Running Mac OS from a USB drive - a cautionary tale

A few months ago the SSD in my ancient MacBook Air began to falter. The sensor that told my Mac the SSD existed was intermittently failing, so I could use it for a while, then it would freeze as if the system drive had been unplugged.

I wasn’t keen buying a new one until Apple sorted out its keyboard woes, and the prospect of installing a new SSD myself was rather daunting, so my brain came up with what seemed like a brilliant and cheap stop-gap workaround — install the OS onto a USB drive and run the system from that. My thinking (if it can be called that) was that a USB drive is basically a kind of SSD anyway. I knew it would be slower because it would be limited by the speed of the USB bus, but I figured it’d be worth a shot and would keep me going until Apple got its act together.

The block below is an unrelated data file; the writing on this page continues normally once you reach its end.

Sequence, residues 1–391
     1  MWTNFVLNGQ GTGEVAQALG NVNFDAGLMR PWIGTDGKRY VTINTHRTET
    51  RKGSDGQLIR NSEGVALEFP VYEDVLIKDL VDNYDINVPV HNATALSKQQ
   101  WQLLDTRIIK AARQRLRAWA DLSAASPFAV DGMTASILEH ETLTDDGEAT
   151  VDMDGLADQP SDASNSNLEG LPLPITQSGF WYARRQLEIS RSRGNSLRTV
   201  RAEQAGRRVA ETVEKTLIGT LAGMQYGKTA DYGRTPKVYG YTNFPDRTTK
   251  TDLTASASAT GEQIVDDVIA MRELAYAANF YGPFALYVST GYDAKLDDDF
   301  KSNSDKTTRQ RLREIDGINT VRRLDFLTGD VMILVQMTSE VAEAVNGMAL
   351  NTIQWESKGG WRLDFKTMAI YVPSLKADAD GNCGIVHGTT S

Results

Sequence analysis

My idea turned out to be neither brilliant nor cheap. I was able to get it up and running after a lot of futzing about, but I was plagued by spinning beachballs, freezes and random crashes multiple times a day, even when I was running just a text editor. After a month of putting up with that, I ended up ordering a new SSD from for about $150, which is about three times more than I spent on the USB drive, but the SSD was twice as big and, more importantly, actually works. Installing it was a doddle and took no more about twenty minutes.

I’d thought I’d learnt my lesson from past cheapskate shenanigans, but it seems not. On the bright side, it seems that Apple has a new keyboard ready to be introduced sometime next year, so when this MacBook Air finally gives up the ghost, I hope I’ll feel less trepidation about getting a new one.